Saturday, 3 January 2009


30/11/08, RFH

2hrs approx (it was supposed to start at 19.30 but began late; we were out just before 21.50). Prokofiev, Autumnal; Rachmaninov Piano Concerto no 3 (soloist Simon Trpceski); Tchaikovsky Symphony no 4.

In the bar beforehand a woman came up with her husband and said she recognised me. Said she was only asking because she’d had the same surname before she was married, and the name was rare: she’d never met another she wasn’t related to. Her lot came from Worsley in Lancashire but we seemed to have no relatives in common. The husband I think was embarrassed that she’d introduced herself but she was very jolly. I was embarrassed because I haven’t shaved today.

The Prokofiev came and went. Inoffensive but unmemorable. Only about seven minutes. 40 strings, seven woodwind, a harp and a trumpet. The moustachioed harpist must be the only male harpist in London. Among the woodwind was an instrument that made an even lower note than a bassoon, apparently played by the oboeist but not listed separately. A lowboe? A basbois? The piece might have made more impression if I hadn’t been distracted by the man sitting immediately in front with his girlfriend, who began by filming the concert and then the pair of them with his digital camera. They canoodled distractingly throughout the concert. We oldies ticked mightily. I shut my eyes some of the time but that just meant I fell asleep.

A great deal of upheaval, half the players (and the harpist) leaving the stage so they can move the piano on. Scarcely seemed worth the trouble doing the Prokofiev at all.

The Rachmaninov played with enormous gusto, D thought very fast, certainly very loudly. If it has a structure I couldn’t discern it: it was just a succession of moments and effects, mostly very striking, but with only one memorable tune – a rather ominous drumbeat-like affair. (As I write this D remembers another tune, marginally more jolly.) Mr Trpceski (of whom we’d never heard) played with great passion, mopping his brow (and the keyboard) with a neatly folded white handkerchief more than once. His great moment the cadenza-like solo in the first movement, immensely long, splendidly bravura playing. When not playing he swayed to the music and swivelled round to look at the audience or the band. He looked less like a musician than an East European short order cook (expression copyright D).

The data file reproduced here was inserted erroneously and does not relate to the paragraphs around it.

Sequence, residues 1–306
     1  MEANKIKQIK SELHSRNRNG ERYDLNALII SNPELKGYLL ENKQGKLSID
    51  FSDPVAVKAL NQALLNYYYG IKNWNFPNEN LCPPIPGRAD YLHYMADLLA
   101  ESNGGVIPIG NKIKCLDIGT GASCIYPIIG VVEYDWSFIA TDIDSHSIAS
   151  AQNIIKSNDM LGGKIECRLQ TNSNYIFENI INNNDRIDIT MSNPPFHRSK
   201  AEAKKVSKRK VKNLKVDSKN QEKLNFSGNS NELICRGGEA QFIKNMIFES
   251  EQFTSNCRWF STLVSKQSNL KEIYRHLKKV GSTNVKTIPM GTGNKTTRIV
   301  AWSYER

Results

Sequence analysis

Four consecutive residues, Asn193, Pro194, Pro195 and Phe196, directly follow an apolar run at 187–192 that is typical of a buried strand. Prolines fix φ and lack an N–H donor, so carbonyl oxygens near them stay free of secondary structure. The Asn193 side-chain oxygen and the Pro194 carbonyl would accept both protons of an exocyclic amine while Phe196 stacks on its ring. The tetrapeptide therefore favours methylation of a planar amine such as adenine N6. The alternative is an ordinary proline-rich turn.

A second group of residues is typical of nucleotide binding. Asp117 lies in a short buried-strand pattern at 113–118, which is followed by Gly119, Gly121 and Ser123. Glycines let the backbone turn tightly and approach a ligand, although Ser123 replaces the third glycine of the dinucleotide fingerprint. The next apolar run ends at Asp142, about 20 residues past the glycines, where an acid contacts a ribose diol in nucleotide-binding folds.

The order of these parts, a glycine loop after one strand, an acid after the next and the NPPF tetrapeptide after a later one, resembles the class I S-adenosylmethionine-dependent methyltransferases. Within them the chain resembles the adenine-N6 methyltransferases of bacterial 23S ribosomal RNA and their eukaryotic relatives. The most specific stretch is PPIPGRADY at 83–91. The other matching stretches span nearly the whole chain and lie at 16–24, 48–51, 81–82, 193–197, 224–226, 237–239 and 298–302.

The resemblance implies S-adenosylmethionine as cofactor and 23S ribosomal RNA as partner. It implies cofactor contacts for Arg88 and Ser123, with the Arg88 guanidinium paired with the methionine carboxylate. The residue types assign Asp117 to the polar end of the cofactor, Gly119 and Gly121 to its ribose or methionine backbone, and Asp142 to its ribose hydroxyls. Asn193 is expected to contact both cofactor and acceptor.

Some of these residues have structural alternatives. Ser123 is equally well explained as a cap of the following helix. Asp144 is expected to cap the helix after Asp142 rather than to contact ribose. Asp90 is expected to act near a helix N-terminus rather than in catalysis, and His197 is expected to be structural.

I said confidently that I’d never heard the work in concert. When we got home D produced the programme from the Prom featuring the work that we went to in August.

The band augmented by full brass and timps plus three percussionists – who sat silent until almost the end when the older man addressed the bass drum, the woman deployed the cymbals and the other man… did three bars on the snare drum.

Trpceski played a beautiful encore none of us recognised. Very slow. Very quiet. Very intense. A mobile phone went off during the penultimate note.

Ashkenazy conducts like a marionette or a man learning semaphore. Great sweeping gestures. Then stock still, feet together, arms out, wrists jerkily moving. Then leaning right over. Then bouncing. He’s a smallish man, which may help explain it. A wider repertoire of gesture than almost any conductor I’ve seen.

The Tchaikovsky even noisier than the Rachmaninov, if possible. Band now augmented to 85 players. Great tunes, including the scherzo played pizzicato by the strings throughout (with a couple of interpolations by the woodwind), the fanfares thrown backwards and forwards between the brass and the horns in the first movement and the swaggering last movement, one of Tchaikovsky’s blow ‘em away marches – music to storm Moscow to. S said she thinks he used the same music again (before?) in Sleeping Beauty. D concurs, but thinks it was Romeo & Juliet.

They let the girl have a go on the big drum this time. She, cymbals and triangle all bang on time together on the off beat, so Ashkenazy definitely got that right.

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